Shirlene Mercer Obituary, Death – When Shirlene Mercer died away today, our family not only said goodbye to a beloved member, but we also said goodbye to a pioneer. After moving to Jackson 23 years ago to take a reporting job at The Jackson Sun, I rapidly became aware of her influence not only in the surrounding area but also on a national scale.
She was a proud graduate of Lane College and she was an important figure in the Civil Rights Movement in Jackson, Mississippi, where she lived. She was one of the famed four freshmen from Lane High School that led sit-in protests at “white’s only” lunch counters in Jackson, Mississippi. I can’t stop thinking about how Shirlene passed suddenly just a few days after Miss Lane College Jada Brown became the first African American woman to win the Miss Tennessee Volunteer Pageant.
Brown made history by becoming the first Black woman to be elected Miss Tennessee Volunteer. In Jackson, Shirlene was instrumental in laying the groundwork and strengthening the platform for justice and equality. As soon as people found out that I had married into the Mercer family, they began inquiring whether or not we were related.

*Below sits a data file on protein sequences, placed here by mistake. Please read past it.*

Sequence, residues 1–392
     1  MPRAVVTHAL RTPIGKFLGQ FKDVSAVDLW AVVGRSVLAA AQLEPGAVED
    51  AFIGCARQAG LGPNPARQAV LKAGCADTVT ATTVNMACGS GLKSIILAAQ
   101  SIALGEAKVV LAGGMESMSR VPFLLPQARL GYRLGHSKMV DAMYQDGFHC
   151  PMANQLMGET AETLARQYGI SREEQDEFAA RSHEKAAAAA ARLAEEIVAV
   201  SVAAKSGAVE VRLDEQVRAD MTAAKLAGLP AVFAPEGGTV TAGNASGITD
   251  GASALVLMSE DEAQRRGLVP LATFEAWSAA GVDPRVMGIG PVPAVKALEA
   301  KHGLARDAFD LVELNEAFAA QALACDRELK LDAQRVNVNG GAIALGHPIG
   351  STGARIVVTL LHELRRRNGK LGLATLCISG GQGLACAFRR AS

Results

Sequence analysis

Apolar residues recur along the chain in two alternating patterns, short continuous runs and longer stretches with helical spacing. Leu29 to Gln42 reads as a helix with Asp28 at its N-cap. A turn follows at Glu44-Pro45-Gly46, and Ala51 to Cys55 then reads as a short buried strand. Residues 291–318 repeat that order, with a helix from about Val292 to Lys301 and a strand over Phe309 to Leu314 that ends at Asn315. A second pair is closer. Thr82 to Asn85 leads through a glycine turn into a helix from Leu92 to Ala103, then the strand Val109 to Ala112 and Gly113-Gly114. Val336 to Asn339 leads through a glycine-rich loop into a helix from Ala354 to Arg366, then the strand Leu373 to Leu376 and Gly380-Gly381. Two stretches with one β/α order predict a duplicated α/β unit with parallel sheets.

(The connection: cousins on the same side as my spouse.) When I was in a store in South Jackson one day, a man heard my last name, and he approached me. He began by expressing to me how indebted he was to Shirlene for everything. According to him, she is a powerful advocate, and she was of assistance to him when she was working as the Director of the District Services for Congressman John Tanner.
I am overwhelmed with gratitude that I was able to extend an invitation to Shirlene and her daughter, Tina, to join me and my guests for lunch at the Jackson Old Hickory Rotary Club the previous year so that we could hear Tanner speak there. Tanner’s and everyone else’s day was brightened by the presence of Shirlene there.